I was a little sad to hear the City of Dayton and/or the Dayton International Airport had decided to demolish the former headquarters building for the Amateur Trapshooting Association.
I realize the era ended when the ATA moved its annual Grand American Trapshooting Tournament out of Vandalia after 81 years there and relocated it to Sparta, Ill. in 2006. The airport (which was built after the trapshooting grounds) wanted the ATA out and the city and county did nothing to stop the eviction. The state did next to nothing.
I realize that as you read this column, the wrecking ball has already come crashing down on the historic ATA building, located at 601 West National Road. And that is a shame. I had hoped the city would find some use for the building, even though it is no longer used for anything connected with trapshooting. The ATA offices moved out a couple of years ago and the Trapshooting Hall of Fame followed a short time later.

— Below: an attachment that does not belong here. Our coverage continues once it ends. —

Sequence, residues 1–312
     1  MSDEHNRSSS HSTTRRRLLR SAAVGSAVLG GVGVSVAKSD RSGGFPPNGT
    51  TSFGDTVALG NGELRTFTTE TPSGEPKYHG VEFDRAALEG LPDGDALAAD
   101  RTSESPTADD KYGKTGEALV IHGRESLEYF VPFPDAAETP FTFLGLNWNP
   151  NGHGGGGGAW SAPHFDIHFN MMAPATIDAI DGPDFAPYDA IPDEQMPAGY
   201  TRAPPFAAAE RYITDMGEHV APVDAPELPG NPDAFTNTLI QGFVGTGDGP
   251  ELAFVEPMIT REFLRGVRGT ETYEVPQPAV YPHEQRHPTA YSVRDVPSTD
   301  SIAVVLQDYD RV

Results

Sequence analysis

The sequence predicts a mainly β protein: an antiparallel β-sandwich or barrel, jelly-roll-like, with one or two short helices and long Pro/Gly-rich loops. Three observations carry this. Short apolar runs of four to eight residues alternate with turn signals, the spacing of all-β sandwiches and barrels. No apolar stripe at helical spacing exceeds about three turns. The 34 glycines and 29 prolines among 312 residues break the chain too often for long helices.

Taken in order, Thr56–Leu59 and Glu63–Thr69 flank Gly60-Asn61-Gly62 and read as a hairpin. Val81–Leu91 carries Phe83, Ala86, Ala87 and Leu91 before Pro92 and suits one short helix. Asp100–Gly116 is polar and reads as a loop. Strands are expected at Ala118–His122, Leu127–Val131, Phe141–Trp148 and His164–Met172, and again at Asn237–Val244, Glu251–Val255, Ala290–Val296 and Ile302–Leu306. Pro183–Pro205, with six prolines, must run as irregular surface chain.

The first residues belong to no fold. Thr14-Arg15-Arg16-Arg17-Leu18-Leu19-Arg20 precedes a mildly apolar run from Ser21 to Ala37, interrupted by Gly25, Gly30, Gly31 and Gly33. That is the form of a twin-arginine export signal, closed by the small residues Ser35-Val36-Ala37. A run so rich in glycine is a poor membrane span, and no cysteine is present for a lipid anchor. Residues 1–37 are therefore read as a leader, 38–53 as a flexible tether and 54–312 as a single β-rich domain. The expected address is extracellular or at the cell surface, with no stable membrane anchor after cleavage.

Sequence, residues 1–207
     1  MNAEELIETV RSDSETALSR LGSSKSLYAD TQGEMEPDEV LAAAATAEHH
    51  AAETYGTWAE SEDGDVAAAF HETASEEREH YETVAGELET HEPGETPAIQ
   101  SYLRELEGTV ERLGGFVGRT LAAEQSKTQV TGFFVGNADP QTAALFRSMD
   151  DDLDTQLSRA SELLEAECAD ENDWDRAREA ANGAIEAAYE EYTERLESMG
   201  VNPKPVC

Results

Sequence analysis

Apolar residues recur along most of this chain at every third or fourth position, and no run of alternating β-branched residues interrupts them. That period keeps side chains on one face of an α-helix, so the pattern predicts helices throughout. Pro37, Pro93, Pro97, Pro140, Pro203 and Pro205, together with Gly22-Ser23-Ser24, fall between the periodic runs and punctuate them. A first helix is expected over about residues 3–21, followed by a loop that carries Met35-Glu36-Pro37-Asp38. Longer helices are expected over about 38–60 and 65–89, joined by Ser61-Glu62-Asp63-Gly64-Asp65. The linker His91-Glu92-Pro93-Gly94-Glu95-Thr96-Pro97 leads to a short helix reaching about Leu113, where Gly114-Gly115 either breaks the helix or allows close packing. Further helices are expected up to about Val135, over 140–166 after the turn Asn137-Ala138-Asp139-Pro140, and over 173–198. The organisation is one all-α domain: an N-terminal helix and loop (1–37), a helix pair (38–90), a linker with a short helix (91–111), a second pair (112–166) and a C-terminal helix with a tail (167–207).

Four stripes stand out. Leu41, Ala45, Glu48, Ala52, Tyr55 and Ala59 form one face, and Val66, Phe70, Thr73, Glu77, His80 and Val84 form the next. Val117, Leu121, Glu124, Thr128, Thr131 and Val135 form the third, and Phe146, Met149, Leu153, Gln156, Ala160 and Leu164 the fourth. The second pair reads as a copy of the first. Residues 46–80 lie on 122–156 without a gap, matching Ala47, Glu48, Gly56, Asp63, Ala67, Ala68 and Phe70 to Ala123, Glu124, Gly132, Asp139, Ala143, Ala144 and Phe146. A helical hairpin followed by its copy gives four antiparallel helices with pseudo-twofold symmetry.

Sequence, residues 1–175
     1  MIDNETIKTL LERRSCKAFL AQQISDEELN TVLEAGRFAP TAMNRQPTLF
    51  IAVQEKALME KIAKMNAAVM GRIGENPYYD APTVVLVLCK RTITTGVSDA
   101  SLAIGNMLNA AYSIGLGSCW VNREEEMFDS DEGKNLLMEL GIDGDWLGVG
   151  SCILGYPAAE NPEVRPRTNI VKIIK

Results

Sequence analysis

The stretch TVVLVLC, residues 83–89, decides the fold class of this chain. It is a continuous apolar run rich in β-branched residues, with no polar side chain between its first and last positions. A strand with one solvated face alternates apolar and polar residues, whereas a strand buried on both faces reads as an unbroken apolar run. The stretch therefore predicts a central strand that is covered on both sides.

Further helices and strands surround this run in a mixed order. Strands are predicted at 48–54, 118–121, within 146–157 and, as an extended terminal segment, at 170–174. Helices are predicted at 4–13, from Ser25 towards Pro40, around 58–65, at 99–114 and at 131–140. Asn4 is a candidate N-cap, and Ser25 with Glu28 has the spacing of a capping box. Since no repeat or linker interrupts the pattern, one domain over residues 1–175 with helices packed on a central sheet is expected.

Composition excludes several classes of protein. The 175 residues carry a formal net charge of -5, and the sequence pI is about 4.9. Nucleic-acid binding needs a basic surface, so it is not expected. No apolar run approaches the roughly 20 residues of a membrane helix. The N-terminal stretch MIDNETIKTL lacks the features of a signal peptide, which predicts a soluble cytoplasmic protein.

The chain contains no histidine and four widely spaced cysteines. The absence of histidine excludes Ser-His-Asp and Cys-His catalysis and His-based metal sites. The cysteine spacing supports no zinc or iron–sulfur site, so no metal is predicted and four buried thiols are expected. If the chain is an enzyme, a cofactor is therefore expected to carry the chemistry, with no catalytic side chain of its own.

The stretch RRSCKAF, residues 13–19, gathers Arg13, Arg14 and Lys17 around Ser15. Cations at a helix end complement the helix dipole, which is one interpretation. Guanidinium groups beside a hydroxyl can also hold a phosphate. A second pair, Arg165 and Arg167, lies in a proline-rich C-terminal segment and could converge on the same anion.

But if you ever happened to view the small plaque at the foot flagpole in front of the building you would have seen the names of the people who built the ATA headquarters in 1923 … names like Cox, Huffman, Patterson and Kettering, among others. In case those making the city’s decisions these days haven’t checked their city’s history lately, those names belong to James M. Cox (newspapers and twice Ohio governor), Frederick B. Patterson (NCR), Col. Frank Huffman (Huffy) and Charles F. Kettering, the automotive pioneer for whom the city of Kettering is named.
Those men were proud of the new home they built for the nation’s trapshooters and the vision they had to help the area prosper. (The Grand American’s economic impact was estimated to be more than $10 million annually in its final years.) They probably couldn’t envision there would be a day when someone would tear it down without a thought or regret.
Fortunately, the ATA preserved the plaque and put it in a place where it can be viewed forever … in a special display in Sparta with the flagpole and brick gateway from the old Vandalia headquarters.
Perhaps it would be even better suited for a Dayton museum.